There's an article in today's New York Times, in the Business Section (page C3) which reveals that Xerox profits have taken a downward turn and that its share price has fallen. Given all of the concentration these days on the 'high-tech' end of copyright, as well as the news-making cases of alleged plagiarism that have seen authors in court (and there's yet another case, also in today's Times, involving the author of the improbably named "How Opal Mehta Got Kissed, Got Wild and Got a Life" (page A14), its interesting to reflect on the story about Xerox and the reduction in use of the humble photocopier, source of so many copyright problems over the last decades of the 20th century and catalyst for so many changes to copyright legislation.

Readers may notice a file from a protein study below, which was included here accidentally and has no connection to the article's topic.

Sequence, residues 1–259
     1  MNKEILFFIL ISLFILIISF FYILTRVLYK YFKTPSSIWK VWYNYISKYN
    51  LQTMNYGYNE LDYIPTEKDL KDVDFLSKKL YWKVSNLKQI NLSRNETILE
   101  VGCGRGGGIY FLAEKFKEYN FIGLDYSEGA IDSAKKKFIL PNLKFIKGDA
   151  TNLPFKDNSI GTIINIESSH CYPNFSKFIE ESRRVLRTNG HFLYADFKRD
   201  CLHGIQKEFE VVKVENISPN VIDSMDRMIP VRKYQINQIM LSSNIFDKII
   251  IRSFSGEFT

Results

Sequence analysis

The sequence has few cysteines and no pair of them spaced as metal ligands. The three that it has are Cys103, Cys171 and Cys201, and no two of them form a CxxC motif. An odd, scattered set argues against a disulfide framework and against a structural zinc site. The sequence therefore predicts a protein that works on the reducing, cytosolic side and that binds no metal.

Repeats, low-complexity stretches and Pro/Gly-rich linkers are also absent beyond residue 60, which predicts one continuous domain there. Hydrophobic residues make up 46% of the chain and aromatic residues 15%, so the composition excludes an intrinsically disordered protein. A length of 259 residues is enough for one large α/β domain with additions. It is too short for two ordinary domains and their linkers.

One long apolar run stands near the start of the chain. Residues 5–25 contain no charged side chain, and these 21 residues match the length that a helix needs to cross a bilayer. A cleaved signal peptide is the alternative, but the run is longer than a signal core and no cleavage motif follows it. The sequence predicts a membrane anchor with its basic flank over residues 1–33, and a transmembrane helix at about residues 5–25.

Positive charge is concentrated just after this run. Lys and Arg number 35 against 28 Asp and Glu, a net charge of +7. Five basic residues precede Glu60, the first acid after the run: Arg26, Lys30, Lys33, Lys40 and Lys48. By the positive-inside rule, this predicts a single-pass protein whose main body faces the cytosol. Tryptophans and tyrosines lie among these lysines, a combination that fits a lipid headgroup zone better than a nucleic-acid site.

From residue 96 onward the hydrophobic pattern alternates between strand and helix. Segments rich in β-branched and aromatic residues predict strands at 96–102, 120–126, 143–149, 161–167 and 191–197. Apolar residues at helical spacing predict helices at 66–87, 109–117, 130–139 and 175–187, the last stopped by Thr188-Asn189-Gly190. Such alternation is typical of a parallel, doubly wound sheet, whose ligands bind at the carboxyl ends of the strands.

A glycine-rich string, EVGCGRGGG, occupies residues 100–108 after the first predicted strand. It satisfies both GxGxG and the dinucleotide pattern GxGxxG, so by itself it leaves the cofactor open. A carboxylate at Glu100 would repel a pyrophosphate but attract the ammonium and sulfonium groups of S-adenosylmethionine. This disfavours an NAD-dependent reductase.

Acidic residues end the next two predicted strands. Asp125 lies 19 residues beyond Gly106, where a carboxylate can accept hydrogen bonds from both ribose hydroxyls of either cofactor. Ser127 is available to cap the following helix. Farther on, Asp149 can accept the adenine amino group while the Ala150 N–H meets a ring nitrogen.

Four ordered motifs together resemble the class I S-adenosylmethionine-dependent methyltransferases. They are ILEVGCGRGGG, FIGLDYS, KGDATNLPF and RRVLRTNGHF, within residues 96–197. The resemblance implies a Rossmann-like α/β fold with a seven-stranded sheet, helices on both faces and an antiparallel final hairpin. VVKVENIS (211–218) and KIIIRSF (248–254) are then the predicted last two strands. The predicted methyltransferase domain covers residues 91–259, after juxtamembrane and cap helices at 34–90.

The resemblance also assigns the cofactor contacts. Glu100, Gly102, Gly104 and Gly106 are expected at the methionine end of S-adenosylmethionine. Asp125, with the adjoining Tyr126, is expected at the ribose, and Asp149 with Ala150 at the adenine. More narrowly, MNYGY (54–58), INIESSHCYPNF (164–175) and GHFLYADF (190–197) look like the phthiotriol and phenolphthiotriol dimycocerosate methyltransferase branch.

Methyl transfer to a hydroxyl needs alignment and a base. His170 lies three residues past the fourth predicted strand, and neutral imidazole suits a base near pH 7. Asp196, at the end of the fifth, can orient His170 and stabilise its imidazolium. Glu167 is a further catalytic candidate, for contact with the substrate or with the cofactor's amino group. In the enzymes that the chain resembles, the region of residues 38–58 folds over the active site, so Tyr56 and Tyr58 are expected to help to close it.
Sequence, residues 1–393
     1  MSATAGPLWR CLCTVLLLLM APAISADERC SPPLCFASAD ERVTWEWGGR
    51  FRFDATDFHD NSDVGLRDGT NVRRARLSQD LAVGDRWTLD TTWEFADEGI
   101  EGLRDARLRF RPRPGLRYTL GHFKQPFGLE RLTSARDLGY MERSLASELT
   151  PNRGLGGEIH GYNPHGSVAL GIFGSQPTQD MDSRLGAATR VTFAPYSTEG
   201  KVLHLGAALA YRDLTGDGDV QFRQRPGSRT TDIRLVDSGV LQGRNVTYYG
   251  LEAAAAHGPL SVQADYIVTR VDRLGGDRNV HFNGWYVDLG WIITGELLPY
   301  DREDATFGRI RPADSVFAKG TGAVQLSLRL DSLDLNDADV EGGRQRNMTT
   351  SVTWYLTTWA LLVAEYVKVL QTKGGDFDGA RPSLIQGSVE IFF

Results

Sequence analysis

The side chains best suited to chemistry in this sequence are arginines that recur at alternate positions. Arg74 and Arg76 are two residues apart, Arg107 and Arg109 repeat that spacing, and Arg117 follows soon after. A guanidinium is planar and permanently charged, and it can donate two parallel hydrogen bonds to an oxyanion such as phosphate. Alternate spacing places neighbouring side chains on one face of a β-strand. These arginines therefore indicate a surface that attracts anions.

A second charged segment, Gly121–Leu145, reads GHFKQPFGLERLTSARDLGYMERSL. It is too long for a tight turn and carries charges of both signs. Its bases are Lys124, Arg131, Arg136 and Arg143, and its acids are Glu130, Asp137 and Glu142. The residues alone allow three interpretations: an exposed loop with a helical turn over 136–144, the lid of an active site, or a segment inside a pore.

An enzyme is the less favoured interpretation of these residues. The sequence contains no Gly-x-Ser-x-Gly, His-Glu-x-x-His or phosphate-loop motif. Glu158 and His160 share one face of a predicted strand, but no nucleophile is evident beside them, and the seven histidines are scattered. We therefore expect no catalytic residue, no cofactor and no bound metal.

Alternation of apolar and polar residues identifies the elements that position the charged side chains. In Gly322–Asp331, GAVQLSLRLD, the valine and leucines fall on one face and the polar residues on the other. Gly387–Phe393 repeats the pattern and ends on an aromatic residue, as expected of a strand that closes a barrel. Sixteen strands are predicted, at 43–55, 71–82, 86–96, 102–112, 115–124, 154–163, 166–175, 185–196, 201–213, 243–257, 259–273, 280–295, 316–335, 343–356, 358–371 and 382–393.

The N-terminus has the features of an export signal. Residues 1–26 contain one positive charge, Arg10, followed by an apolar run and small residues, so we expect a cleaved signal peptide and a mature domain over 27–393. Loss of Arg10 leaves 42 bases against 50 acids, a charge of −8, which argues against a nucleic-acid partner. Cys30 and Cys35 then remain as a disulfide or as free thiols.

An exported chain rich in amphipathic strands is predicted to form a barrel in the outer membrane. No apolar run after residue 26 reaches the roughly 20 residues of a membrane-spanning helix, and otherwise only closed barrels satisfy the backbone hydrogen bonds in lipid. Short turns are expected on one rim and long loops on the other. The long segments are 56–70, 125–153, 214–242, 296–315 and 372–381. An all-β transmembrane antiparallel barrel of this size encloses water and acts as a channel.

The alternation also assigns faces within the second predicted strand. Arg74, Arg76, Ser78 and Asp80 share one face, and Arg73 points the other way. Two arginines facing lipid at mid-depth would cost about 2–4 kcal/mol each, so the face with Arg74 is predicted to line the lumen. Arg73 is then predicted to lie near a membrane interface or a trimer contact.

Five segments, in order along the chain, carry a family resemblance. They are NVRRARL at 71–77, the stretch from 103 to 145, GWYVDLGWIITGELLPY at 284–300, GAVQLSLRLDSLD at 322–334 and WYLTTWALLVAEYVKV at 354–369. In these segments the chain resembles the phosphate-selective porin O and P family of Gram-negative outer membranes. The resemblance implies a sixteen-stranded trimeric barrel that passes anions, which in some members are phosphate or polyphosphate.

At various institutions over the last few years, and now at York, I have seen the evidence of this first-hand. Library statistics everywhere on photocopier use (and revenue from the same) have been dropping continuously, and this is even the case where we convert them to dual use as printers and add other functionality. We reduce the number of machines but the steady decline in usage goes on – and with it of course, the potential for copyright infringement via this 'traditional' means. Debate about what sort of warning signs, or whether to have warning signs at all, in the light of the Supreme Court's decision in the Great Library case will be moot I think before too many more years have passed. Our students – and increasingly the faculty – copy and print less and less material. More do we all rely on online access and storage and screen-reading. As the technology improves that too will increase. What do I myself copy or print out these days? Very little so it turns out. The occasional recipe. Directions from MapQuest (obsolete if you have a GPS system in the car). Cases and journal articles when I'm researching something – buts that, I think, is more a symptom of my age and long-developed habit. Today's students are developing other habits.